Healthy Eating

HEALTHY EATING PART 13 (5 HIDDEN FACTS ABOUT SUGAR PROCESSED FOODS)

OUR SPIRITUAL FOOD
“NEVER WITHOUT HELP”
I will not leave you as orphans comfortless, desolate, bereaved, forlorn, helpless]; I will come back.

In today’s article, i will be discussing on “5 Hidden Facts About Sugar Processed Food” under “Healthy Eating”.

The excessive amount of hidden sugar in processed food has quite become alarming in the Sub-Sahara region, including Nigeria.

1. SUGAR MASQUERADING FOODS:
It is difficult to know the exact amount of natural sugar versus added sugar by just looking at their label, most foods that are typically considered “healthy” can contain shocking amounts of added sugar or fructose, in form of high fructose corn syrup (HFCS) according to Dr Robert Lustig, a professor of clinical paediatrics in the Division of Endocrinology at UC San Francisco, it’s important to distinguish between Natural Food-Base Sugar Versus Added Sugar.

He notes that a small serving cup of plain yoghurt has about seven grams of sugar in the form of Lactose a natural sugar found in dairy which does not cause any major harm.     Click here to continue reading

 

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Naija Foodie Update

FOODIE NAIJA UPDATE (PLASTIC, POISONOUS RICE FROM CHINA FLOODS NIGERIAN MARKETS)

On October 4, 2016, the Nigeria
Customs Service (NCS), through
its spokesman, Wale Adeniyi,
warned the citizenry to be on
red alert, as intelligence report
indicated that some die-hard
rice smugglers have begun
shipment of plastic rice to Africa
from China in what was clearly a
selfish move aimed at swelling
their profits, regardless of the
consequences of their poisonous imports.

He likened the food fraudsters to fake drug dealers who do not mind poisoning an entire community as long as they make huge profits from their unwholesome trade.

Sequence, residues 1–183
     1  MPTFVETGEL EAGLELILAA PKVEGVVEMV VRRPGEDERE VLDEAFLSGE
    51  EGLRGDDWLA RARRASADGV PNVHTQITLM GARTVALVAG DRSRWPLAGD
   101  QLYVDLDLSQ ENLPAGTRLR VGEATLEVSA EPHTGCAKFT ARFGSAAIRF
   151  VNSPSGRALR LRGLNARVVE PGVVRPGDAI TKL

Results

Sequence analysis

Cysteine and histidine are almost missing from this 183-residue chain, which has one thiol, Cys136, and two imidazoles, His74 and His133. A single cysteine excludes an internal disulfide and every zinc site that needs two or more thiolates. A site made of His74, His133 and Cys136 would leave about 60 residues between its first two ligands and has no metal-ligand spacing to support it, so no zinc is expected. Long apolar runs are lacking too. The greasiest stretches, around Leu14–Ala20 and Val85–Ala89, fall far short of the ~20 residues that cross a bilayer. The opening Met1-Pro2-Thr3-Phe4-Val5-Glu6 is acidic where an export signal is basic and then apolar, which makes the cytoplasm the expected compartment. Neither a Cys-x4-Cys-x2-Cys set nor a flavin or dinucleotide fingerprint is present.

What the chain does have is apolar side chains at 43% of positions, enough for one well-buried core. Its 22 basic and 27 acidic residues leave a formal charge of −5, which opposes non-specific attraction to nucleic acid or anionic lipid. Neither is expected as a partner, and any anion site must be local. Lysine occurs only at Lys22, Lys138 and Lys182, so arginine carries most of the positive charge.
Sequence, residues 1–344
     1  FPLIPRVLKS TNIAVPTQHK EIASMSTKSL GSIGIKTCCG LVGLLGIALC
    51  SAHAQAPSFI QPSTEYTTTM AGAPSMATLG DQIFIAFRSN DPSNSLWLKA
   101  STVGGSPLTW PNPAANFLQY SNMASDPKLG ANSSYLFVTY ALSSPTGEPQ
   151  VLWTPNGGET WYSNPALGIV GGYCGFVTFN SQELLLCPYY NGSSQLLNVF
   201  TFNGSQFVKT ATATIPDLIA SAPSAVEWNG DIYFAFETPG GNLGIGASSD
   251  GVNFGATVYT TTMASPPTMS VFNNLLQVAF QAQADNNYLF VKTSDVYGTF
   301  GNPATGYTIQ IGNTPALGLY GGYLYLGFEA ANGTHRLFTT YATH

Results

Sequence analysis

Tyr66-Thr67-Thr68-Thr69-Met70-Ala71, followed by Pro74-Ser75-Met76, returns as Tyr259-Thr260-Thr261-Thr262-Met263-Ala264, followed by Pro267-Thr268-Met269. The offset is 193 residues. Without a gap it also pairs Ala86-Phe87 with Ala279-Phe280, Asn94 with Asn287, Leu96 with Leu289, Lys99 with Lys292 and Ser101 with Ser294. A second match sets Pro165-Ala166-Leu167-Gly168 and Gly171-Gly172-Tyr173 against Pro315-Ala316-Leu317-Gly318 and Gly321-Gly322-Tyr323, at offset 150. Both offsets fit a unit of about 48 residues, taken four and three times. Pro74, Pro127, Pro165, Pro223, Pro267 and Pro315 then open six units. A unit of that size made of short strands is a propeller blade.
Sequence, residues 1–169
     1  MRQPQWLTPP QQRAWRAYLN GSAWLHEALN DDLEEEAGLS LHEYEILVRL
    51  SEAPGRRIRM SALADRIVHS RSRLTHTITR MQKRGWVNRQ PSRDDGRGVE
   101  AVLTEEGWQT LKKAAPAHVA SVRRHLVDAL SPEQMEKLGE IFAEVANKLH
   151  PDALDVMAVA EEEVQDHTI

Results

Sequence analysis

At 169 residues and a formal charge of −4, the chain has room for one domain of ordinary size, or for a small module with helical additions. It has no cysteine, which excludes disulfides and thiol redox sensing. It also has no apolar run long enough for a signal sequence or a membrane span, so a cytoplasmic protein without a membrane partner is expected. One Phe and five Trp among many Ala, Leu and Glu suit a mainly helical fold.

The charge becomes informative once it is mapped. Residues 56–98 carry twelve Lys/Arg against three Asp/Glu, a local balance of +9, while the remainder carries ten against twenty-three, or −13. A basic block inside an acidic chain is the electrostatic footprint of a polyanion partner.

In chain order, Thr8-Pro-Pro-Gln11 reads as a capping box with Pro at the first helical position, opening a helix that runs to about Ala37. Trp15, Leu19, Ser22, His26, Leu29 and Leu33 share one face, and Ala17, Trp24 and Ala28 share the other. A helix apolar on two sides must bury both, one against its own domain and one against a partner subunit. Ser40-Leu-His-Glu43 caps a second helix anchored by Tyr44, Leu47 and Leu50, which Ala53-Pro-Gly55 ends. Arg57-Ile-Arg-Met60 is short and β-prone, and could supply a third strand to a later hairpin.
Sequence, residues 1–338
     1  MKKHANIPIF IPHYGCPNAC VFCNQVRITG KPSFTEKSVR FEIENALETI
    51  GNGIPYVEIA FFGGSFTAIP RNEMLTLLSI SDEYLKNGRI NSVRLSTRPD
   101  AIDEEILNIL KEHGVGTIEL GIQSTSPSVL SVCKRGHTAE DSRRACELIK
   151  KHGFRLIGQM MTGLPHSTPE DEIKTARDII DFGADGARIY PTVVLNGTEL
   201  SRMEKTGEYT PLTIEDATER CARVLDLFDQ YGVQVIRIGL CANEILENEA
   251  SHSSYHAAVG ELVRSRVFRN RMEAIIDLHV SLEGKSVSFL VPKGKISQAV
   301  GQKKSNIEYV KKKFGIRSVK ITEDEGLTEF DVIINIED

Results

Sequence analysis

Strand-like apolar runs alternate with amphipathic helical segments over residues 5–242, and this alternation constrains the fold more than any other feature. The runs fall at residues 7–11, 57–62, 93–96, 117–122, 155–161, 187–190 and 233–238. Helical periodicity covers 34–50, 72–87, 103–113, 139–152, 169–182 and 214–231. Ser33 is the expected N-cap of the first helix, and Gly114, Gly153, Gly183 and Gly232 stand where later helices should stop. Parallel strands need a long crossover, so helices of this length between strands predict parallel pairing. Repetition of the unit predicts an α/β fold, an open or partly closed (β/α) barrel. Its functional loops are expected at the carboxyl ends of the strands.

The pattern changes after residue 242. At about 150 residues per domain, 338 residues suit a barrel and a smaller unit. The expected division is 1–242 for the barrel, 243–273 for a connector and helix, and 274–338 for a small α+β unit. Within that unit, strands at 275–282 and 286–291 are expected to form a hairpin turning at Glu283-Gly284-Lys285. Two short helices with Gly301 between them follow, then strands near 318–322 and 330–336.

Though the warning about the
food crime sounded like a wild
joke, it was important because
Nigeria remains the highest
consumer of parboiled rice in
the West African sub-region.

This means there was a possibility that the bulk of the cancerous shipment would be emptied in the country through scores of unmanned borders from where smugglers invade the markets with their man- made rice.
The NCS warning, however,
confirms a recent report by
Natural News and Korean Times
that alerted that China was mass
producing plastic rice for huge
profit, pretending it was not
aware of the grave health
challenges.

According to the publications,
the plastic rice is made using a
mixture of sweet potatoes and
synthetic resin (plastic). These
ingredients are mixed together
and formed into “grains” which
very closely resemble natural
grains of rice.

The rice substitute is then sprayed with a fragrance to mimic the smell of Wuchang rice (a more
expensive brand in high demand), making it difficult to decipher between the two brands. The man-made rice looks just the same as the real deal in terms of shape and size; however, the plastic remains hard after cooking, a development nutritionists say is
dangerous to the human body.

The wuchang rice also looks like
some basmati brands from the
Indian sub-continent. It is a well-known fact that some companies use chemicals in their foods, but China’s synthetic rice, according to
reports, is fraudulently taking
the danger to a whole new level,
according to a concerned Nigeria, who prefers to be anonymous.

“It is thought that China has
been producing this fake “Wuchang rice” for at least four
years. One Chinese official warned that eating three bowls of this man-made rice would be equivalent to ingesting one
plastic bag”, the report stated.
Findings show that China, having enjoyed patronage in Asia, have shipped the inorganic rice into various African nations, especially Nigeria, where consumers rarely query products without verifiable
nutritional data.

More so, as the yuletide season
peaks, with millions of Nigerians
warming up for various celebrations, foreign rice consumption triples and the